I have been waiting for a book like Rage of Ultron for a long, long time.
Aside from the stellar, anatomically pleasant and dynamic artwork by Jerome Opena and Pepe Larraz, and aside from the poignant writing by Rick Remender, I felt part of the story.
I am not an objective reviewer by any extent of the imagination – as much as that is possible – but the book spoke to me in ways that I do not remember books speaking to me inside the genre of comics.
This was deeply personal.
The character of Hank Pym, a.k.a a slew of alter egoes, was always someone I resented that I relate to. A high achiever who felt small – a lingering feeling fostered by constantly finding himself in an environment that probably did not help him – that led him to (very) bad decisions and repetitive reinventions of the self in order to relate to a human race he felt he does not relate with – building resentment of himself and the world outside him. Struggling to belong where he cannot find himself in the picture.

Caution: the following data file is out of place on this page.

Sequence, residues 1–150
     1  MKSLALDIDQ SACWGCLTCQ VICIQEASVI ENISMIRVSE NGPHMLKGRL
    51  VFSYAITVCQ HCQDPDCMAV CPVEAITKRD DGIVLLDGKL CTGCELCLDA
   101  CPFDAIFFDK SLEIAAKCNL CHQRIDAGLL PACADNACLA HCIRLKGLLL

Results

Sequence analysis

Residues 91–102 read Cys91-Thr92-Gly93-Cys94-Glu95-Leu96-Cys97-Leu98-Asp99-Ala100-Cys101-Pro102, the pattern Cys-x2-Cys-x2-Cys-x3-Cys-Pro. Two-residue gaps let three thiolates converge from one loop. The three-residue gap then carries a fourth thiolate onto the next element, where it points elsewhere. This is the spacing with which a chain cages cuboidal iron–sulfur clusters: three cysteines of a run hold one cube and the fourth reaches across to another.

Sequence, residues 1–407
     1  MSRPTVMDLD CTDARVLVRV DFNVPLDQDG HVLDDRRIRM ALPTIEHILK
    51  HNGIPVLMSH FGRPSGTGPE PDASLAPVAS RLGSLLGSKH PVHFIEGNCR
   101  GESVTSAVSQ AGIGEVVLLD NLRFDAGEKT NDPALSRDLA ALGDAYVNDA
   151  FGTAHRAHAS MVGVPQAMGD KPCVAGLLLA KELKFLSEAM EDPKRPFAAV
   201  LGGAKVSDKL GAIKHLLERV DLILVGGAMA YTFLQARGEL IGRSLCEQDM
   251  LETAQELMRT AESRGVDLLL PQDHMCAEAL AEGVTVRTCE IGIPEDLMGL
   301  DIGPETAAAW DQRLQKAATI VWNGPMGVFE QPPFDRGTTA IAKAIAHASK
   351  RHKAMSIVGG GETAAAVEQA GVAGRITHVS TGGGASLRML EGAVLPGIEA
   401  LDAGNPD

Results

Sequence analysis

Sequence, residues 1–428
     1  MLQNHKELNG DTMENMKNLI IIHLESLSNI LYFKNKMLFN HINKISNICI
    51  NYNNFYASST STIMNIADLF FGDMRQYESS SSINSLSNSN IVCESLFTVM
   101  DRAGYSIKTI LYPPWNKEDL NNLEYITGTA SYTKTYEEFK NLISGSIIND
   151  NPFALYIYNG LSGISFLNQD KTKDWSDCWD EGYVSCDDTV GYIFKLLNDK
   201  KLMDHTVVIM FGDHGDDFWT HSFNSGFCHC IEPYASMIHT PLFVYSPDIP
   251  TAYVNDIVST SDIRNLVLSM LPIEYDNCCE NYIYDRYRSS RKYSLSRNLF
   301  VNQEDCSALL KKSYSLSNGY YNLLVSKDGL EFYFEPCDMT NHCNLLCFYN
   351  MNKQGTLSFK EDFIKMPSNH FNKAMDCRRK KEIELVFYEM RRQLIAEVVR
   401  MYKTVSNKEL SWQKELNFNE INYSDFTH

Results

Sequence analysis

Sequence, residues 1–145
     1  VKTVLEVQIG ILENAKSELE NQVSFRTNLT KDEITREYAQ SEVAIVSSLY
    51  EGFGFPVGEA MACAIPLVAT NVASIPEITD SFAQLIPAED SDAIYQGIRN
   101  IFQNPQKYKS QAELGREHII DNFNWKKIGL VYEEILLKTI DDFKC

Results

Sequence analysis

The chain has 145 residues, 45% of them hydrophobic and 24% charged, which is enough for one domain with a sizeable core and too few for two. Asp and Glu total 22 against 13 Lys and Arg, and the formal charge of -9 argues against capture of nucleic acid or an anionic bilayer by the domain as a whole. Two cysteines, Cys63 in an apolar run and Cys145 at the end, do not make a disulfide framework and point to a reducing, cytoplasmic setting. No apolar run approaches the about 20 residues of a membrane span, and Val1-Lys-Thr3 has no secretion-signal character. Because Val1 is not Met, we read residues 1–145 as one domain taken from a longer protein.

The Rage of Ultron is the Rage of Henry Pym.
The book is a reflection upon that – and keeps it open. And begs the question of “How could one love themselves if all they see is failure?” Even if there are people around him trying to love him in spite of those, showing him that he has already bent backwards to always be in service and be a cornerstone of something bigger, even if there are people who try to show him that he is loved, he finds himself incapable of acknowledging that in him and loving them back to the extent he would like to.
It is all that…and I love it.
And I resent it.
Avengers: Rage of Ultron review by Raphael Borg